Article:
How to Prevent Soot Buildup in Wood Stoves

Wood stoves are popular in both modern homes and traditional homes because of how easy they are to operate, but the adversary you'll deal with is tar in wood-burning stoves. There is a broad selection of wood stoves that will provide what you're looking for, and they do an amazing job at heating the home. You just want to make sure that they don't build up soot and you're always keeping them clean.

Wood burning stove
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Wood stoves are popular in both modern homes and traditional homes because of how easy they are to operate.

Operation and Wood Combustion

Before you even think of cleaning tar in wood-burning stoves, you need to know how your stove operates. According to the Department of Agricultural Engineering at the University of Missouri, combustion in a wood stove is a chemical reaction between the fuel, in this case wood, and oxygen. If there is combustion of wood in the stove, then you'll get heat and water vapors, carbon dioxide, gases and ash. There are a couple of conditions you need to meet to operate a safe wood stove.

First, make sure there is a continuous airflow or supply of oxygen for the fire and people that are around the wood-burning stove. Next, you need to make sure there is a proper amount of fuel, in this case wood, to make sure that the wood stove isn't overheating. You want to make sure there is enough wood, though, to maintain the flue temperature so there isn't an accumulation of creosote residue. The flue is a duct for smoke and waste gases. Always make sure that you're burning correctly so there isn't wasted fuel or a buildup of toxic products.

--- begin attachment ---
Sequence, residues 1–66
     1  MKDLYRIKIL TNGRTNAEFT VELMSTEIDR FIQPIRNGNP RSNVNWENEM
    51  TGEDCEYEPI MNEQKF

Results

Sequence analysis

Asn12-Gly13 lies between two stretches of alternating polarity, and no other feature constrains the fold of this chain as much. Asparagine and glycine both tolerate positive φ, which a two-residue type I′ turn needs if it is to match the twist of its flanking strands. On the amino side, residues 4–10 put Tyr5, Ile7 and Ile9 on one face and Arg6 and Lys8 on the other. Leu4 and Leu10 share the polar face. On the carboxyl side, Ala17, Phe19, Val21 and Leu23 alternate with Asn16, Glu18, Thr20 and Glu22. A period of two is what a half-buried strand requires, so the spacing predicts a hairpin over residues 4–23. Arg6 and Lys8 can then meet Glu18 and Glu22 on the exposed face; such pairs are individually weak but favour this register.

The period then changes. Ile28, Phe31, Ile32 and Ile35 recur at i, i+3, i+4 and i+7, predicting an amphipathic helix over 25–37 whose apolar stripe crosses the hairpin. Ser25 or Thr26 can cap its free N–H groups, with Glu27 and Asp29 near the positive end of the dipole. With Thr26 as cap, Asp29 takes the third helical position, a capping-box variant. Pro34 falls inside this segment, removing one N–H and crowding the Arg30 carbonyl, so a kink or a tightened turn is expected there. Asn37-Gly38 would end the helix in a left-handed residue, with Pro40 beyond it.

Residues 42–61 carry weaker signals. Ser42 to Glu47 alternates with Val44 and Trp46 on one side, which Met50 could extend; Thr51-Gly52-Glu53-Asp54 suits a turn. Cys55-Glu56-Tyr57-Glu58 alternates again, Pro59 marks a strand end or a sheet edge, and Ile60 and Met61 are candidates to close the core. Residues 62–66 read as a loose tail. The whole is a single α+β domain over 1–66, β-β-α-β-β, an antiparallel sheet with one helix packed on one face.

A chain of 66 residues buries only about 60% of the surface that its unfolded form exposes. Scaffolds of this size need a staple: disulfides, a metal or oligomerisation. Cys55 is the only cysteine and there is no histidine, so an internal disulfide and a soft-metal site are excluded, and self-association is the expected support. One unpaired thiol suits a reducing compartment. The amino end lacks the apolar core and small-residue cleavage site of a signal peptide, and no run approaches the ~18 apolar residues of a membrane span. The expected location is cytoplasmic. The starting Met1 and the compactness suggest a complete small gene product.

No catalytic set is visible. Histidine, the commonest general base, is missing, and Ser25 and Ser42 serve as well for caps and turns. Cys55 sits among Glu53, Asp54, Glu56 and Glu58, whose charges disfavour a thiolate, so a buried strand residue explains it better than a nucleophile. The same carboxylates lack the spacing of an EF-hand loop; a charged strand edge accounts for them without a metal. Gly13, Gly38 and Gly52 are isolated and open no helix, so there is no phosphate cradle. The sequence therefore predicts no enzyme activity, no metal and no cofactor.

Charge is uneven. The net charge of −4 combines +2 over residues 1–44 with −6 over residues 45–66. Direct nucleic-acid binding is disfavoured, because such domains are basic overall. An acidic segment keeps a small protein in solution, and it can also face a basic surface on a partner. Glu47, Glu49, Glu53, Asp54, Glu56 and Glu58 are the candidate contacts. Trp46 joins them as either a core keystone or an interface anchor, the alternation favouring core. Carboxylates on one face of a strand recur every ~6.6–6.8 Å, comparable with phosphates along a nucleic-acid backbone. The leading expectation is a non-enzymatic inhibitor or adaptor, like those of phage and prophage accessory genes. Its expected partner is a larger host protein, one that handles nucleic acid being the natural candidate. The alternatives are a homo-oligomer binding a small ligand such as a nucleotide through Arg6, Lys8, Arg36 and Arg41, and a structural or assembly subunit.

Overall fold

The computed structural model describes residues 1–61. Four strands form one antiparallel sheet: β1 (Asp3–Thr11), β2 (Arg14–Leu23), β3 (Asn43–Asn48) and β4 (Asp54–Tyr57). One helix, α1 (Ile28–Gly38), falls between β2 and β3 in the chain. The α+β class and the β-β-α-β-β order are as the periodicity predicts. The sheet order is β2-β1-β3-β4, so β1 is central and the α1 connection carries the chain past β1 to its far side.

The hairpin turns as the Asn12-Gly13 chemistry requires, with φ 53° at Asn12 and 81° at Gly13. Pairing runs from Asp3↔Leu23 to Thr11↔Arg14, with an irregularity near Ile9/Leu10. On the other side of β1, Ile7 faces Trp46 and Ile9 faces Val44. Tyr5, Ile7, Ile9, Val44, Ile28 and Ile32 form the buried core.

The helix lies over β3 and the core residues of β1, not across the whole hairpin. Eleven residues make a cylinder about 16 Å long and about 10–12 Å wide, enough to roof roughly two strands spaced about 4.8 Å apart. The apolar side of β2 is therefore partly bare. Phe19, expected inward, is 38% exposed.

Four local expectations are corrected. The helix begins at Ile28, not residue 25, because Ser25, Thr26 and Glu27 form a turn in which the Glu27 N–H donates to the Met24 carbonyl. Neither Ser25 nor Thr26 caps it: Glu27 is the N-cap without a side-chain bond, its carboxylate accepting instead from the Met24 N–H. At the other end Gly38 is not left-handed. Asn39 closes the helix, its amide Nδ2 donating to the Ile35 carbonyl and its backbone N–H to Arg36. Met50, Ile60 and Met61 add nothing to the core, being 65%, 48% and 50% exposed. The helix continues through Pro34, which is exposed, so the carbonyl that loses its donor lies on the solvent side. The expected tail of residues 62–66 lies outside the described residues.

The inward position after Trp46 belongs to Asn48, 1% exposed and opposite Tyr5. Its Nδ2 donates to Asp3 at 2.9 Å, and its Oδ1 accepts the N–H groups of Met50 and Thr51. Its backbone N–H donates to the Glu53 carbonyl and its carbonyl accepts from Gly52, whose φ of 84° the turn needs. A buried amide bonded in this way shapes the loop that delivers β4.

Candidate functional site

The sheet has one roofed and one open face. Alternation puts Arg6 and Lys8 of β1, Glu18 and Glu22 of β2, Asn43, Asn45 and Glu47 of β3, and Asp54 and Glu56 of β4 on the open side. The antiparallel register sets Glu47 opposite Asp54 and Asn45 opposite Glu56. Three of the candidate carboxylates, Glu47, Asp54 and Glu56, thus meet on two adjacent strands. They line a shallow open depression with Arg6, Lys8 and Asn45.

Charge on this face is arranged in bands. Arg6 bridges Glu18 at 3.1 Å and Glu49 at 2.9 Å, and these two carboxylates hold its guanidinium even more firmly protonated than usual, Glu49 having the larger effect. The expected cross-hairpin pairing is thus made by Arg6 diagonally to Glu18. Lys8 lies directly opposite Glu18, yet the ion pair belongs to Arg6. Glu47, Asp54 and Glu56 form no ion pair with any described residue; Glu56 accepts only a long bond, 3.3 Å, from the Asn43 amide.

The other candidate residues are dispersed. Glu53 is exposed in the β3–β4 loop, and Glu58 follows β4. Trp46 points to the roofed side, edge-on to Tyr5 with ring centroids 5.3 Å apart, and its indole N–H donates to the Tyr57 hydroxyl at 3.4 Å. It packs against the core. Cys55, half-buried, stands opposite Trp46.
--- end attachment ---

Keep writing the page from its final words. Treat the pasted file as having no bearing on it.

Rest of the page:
Stages of Wood Combustion

According to the Department of Agricultural Engineering at the University of Missouri, there are three basic stages of wood combustion. The first is that water will be removed by evaporation and vaporization. This type of heat, though, will not warm the room or stove.

During the second stage at 500 F, the temperature will cause the wood to break down chemically, and volatile gases will form. The vapors contain about 50 to 60 percent of the heat value of wood. At around 1,100 F, the gases will mix with air, become flames and burn. You have to maintain this temperature and the right amount of air supply to support proper combustion.

In the last stage, the gases release. When this happens, the remaining material, which is charcoal, will burn at an excess of 1,100 F. When the charcoal is completely burned, a bit of ash will remain.

Tar in Wood-Burning Stoves

When wood burns slowly in a wood-burning stove, the smoke contains something called creosote. Creosote is a brownish, oily liquid that has aromatic hydrocarbons obtained by the distillation of coal tar, and it is used as a wood preservative. The dark brown or black flammable tar is deposited from the wood smoke on the walls of the chimney.

According to the National Fire Protection Association (NFPA), creosote is highly flammable, and if the buildup is not removed, then this can cause a deadly chimney fire. The main reason for creosote buildup or tar in wood-burning stoves is that there is wet or unseasoned wood, incomplete combustion is occurring or the surface is cooler than usual.

Stages of Creosote